For me true agony is mindless repetition. Imagine for a moment having to do the same thing over and over all day long and then repeating that every working day for the rest of your life. I think of factory workers who’s lives are an endless conveyor belt of whatever product it is they are assembling or creating. I think of pharmacists who study for 8 years to become qualified, only to stand behind a counter and issue pills prescribed by GP’s who also do the same thing every day; look into the dark and smelly body cavities of sick people and listen to things that go bump in their chests. Every single working day. How much variety can there be from one bout of flu to the next? Imagine being a dentist and having to carve out and fill up rotten enamel in people's mouths every day. No wonder they charge so much for the privilege. And what about the guy who tends gardens for a living? He cuts the same bushes and the same lawns, day after day, week after week. His work is never done because it just keeps growing back. Think about those who cook the same meals in chain restaurants all the time. What about accountants? They get paid (a lot) to look at spreadsheets and make decisions on what to do with other people’s money. Every. Single. Working. Day.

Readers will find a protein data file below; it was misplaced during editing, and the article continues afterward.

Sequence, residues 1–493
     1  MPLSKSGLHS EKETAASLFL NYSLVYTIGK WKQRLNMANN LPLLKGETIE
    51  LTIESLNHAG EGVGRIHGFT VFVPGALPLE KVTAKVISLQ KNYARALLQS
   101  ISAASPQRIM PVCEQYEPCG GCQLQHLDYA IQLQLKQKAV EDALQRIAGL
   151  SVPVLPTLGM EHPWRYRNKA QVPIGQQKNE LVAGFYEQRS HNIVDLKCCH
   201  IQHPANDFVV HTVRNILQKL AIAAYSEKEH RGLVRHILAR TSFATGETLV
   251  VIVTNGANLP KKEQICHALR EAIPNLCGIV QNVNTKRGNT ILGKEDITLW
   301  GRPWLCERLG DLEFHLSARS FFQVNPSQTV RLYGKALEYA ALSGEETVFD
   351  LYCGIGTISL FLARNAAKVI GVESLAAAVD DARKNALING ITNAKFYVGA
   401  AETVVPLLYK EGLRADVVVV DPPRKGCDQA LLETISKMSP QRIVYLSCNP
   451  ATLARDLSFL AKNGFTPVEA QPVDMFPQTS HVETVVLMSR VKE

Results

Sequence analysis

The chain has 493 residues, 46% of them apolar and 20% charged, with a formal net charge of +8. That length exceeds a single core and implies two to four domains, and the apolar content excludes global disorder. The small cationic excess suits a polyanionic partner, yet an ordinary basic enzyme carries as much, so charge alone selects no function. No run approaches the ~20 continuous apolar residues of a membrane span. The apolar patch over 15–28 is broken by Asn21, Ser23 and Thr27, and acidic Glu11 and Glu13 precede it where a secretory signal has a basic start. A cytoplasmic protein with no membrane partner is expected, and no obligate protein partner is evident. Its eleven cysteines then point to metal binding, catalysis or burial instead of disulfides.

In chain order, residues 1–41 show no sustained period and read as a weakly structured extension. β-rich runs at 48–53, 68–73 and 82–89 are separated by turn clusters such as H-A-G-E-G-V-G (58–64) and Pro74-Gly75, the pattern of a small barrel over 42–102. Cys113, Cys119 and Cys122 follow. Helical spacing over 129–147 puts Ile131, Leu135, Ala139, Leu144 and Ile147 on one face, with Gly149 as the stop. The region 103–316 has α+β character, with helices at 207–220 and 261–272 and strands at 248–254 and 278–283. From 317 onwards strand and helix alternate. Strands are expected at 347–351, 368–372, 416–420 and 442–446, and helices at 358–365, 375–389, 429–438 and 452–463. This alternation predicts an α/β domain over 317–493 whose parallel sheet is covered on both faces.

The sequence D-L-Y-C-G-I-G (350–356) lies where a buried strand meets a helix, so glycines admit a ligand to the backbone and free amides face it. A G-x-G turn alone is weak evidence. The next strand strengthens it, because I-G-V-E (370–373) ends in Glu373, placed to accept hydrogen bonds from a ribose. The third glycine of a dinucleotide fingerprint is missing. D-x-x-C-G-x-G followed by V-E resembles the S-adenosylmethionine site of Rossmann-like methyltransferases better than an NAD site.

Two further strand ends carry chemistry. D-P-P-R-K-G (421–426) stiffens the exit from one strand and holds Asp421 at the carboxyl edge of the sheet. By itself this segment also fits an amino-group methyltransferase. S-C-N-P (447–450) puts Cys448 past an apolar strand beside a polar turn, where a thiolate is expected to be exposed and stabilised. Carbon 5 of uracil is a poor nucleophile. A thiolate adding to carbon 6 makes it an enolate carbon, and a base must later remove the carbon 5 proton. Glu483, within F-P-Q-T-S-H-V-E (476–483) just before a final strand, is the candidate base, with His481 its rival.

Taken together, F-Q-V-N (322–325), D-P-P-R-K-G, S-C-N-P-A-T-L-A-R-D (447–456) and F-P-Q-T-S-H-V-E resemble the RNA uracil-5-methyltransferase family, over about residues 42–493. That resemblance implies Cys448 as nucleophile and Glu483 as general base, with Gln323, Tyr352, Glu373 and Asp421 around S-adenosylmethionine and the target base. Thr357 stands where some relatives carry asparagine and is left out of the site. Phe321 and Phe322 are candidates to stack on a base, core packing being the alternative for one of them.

Is this what career life is cut out to be?

 

And so I have come to what I believe is the end of my career as a professional photographer. I can’t imagine doing this for another year, let alone the rest of what remains of my life. 9 years in one field is a record for me. By a long way. Yes, there have been some wonderful assignments and I still enjoy certain aspects of this job, so I will probably carry on doing those parts of it, but for the most part it's time for me to move on.

 

To what, you might ask?

 

Well, while I didn’t exactly set the academic world alight during my time as an electronics engineering student, I did go to night school when I was a banker and after only 4 years of studying part time I got a diploma in marketing management. Put that together with my technical skills in the field of digital developments and we have what you will now find on my main website; a smorgasbord of digital marketing services. Things I know how to do, but will be farming out to younger, spritelier creative minds in return for either commissions or a share of the profits. Think of me as a small creative agency that helps business people get marketing results in the real world.

 

That should keep me busy for a while. Anybody need a website?

Edited by DDFZ




Comments


No staying power, eh? :D

 

(This February entered my 47th year of full-time photography ;) - and I don't know if I can ever quit; I think the profession is just fading away around me instead.) 

 

Seriously, though, good luck in the new venture. :ok: